They take our jobs. They put pressure on our social services. They bring war, disease and uncivilised social practices. They degrade our culture and threaten our societies. Everything was better before they arrived…
These are just a few of the myths on migrants and refugees that are routinely spread by the mainstream media and politicians in Europe. Depicting migrants, refugees and asylum seekers as a burden on national economies and a danger to social cohesion, these myths combine to build a specific “narrative” on migration that leads to fear and anxiety among the public and oppressive reactions from governments.
Just how big is the gap between the mainstream narrative and the hard facts on migration and asylum in Europe? How can we understand and challenge this narrative? What can we do to ensure that refugees and migrants are granted the full rights they are entitled to as members of European society? These are the questions that were dealt with at the UNITED conference “Moving Stories: Narratives of Migration Crossing Europe”, which took place near Torino, Italy, from 22 to 27 April 2016.
About the situation in Italy
Due to its location in the centre of the Mediterranean, Italy has always been a gateway to Europe, and is a key destination for refugees coming to Europe from Africa and the Middle East by sea. According to data from the UNHCR, over 144,000 refugees and asylum seekers arrived in Italy by sea in 2015. Flashpoints include the islands of Sicily and Sardinia, but the Italian island that has become most synonymous with Europe’s refugee influx is Lampedusa, located around 250 kilometres off the coast of Libya.
Over the years, the coasts of Italy have been the scene of many tragic losses of life. Of 23,222 documented deaths of migrants and refugees recorded by UNITED since 1993, 11,213 were people attempting to reach Italy, most of them traveling by sea from north Africa.* Considering this situation, it is very appropriate that Italy is the host country for a UNITED conference focusing on the stories of migrants and refugees in Europe.
(* data from internal UNITED database, not the most recent published version of the List of Deaths)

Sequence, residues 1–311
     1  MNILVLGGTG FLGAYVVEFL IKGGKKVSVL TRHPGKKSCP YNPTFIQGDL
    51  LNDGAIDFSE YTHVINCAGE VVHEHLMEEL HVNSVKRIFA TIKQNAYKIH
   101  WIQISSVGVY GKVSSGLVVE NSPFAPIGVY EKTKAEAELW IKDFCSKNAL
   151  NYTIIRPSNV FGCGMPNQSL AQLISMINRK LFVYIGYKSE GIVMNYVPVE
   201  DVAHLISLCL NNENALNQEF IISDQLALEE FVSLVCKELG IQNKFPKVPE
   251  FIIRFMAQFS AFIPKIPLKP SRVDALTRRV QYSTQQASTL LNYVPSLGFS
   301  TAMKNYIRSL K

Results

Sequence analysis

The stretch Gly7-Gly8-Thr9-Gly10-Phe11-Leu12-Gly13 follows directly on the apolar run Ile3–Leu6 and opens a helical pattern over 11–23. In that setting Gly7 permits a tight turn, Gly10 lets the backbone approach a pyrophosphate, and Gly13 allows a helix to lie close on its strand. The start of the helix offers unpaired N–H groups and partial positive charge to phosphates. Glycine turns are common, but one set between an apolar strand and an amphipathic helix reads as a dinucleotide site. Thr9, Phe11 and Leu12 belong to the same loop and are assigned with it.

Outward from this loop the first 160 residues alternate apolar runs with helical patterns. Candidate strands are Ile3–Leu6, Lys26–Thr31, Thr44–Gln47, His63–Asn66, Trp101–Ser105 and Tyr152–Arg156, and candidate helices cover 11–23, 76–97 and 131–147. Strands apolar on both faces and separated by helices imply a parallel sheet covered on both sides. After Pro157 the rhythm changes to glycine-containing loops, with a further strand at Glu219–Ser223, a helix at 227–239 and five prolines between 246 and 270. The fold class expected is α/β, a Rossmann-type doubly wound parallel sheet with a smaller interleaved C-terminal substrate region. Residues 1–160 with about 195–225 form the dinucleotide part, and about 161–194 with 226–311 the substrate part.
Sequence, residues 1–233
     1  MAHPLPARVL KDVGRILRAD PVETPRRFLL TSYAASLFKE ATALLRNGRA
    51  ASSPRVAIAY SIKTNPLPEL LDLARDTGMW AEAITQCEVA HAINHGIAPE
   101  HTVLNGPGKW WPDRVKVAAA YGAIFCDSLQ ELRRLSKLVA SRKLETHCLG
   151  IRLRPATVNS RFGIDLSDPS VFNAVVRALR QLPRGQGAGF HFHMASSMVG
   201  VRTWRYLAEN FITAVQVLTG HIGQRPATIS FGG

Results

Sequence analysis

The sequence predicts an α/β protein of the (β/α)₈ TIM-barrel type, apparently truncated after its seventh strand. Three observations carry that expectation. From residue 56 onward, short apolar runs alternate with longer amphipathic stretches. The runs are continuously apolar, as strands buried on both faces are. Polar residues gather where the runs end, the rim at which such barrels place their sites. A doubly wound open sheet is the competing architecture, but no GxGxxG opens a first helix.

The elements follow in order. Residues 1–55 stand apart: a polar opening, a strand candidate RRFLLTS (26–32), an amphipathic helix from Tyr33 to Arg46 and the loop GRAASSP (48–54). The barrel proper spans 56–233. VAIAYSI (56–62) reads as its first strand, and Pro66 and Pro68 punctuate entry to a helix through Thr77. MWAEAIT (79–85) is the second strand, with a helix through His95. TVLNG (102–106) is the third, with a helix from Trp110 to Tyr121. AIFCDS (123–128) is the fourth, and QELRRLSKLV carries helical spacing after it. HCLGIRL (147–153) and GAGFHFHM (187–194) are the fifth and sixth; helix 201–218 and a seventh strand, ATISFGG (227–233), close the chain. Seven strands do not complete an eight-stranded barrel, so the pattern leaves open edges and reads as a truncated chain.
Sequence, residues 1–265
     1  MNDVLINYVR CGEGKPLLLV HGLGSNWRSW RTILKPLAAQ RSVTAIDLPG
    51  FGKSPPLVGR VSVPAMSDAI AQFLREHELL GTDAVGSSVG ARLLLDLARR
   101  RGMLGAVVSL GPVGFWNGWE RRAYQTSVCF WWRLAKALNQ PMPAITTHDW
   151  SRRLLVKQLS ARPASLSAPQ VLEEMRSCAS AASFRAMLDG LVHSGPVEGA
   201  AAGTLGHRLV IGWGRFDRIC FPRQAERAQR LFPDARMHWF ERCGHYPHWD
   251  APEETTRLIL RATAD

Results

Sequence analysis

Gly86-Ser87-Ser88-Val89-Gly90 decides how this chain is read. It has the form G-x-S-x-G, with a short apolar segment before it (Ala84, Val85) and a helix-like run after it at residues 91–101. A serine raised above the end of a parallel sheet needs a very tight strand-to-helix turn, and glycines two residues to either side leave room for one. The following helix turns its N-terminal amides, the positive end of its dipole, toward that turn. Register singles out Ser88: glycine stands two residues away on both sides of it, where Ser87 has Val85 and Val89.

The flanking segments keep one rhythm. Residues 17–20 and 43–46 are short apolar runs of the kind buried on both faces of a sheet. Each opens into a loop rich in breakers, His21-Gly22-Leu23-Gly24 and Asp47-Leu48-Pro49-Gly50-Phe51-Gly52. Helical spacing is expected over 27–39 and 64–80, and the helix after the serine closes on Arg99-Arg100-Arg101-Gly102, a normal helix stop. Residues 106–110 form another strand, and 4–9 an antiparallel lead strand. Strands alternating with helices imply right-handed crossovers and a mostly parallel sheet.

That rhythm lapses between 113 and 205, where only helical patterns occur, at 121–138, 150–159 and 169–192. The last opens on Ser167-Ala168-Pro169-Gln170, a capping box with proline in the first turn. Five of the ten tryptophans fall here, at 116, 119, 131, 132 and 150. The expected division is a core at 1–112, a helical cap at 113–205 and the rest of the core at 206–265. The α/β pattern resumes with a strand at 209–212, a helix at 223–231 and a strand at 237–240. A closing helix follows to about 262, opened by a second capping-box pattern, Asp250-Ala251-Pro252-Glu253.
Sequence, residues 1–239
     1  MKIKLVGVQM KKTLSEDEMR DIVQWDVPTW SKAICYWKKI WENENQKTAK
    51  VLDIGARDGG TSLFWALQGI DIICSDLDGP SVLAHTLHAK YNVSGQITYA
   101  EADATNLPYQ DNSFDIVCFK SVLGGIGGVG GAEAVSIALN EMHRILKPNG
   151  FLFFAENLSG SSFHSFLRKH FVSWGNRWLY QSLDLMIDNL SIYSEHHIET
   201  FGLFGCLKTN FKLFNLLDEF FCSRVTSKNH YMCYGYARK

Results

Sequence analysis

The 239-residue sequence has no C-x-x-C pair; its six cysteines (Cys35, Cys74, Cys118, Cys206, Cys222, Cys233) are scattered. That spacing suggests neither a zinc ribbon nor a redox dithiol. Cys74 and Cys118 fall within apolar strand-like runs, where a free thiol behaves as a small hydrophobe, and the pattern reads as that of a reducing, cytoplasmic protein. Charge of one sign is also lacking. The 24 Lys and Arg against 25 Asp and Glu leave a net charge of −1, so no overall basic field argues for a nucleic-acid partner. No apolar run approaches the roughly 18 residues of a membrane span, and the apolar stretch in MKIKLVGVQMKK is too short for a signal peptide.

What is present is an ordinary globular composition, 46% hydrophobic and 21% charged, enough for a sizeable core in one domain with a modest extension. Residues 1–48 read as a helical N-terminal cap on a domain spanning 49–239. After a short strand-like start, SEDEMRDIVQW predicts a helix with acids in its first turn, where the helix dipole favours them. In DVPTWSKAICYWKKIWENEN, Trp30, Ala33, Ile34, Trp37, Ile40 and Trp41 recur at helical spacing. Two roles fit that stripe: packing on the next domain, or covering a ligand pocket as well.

What were the aims of the conference?
Considering this complex situation, our conference created a platform:
– To explore the data and statistics on migration and asylum in Europe and examine the gap between hard facts and media narrative
– To investigate ways of challenging narrative and creating and spreading positive counter-narrative
– To exchange best practices that have already been implemented by organisations all over Europe
– To network, strengthening existing ties and building new relationships for the benefit of the antiracist movement in Europe.
The knowledge, expertise, and input of participants was invaluable. Around 70 NGO representatives from more than 30 European countries reviewed different perspectives on the situation of migration and asylum in Europe, explored various tools and methods for challenging narratives on migrants and refugees, shared best practices and got to know other activists and organisations from every corner of the continent.
The conference was based on participatory approaches and spaces for joint work and sharing of knowledge and skills. The methods included: Debates, workshops, trainings, presentations, political cafés, icebreakers, good practice market, cultural activities, open forum, sharing good practices, etc.
UNITED network conferences
UNITED is the largest pan-European anti-racist network of more than 550 organisations. Twice a year, at the UNITED network conferences, antiracist and human rights activists from all over Europe meet and discuss effective ways of combating racism and discrimination. At a recent UNITED conference held in October 2015 in Hungary, participants from 35 countries discussed the topic of antiracist youth work in Europe.
For an impression from previous conferences have a look at the posts on facebook.com/UNITEDnetworkConference
This event was made possible with the financial support of:
• European Youth Foundation of the Council of Europe
• Erasmus+ Programme of the European Union
• EU-Russia Civil Society Forum
The information contained herein does not necessarily reflect the position nor the opinion of our sponsors. Sponsors are not to be held responsible for any use that may be made of it.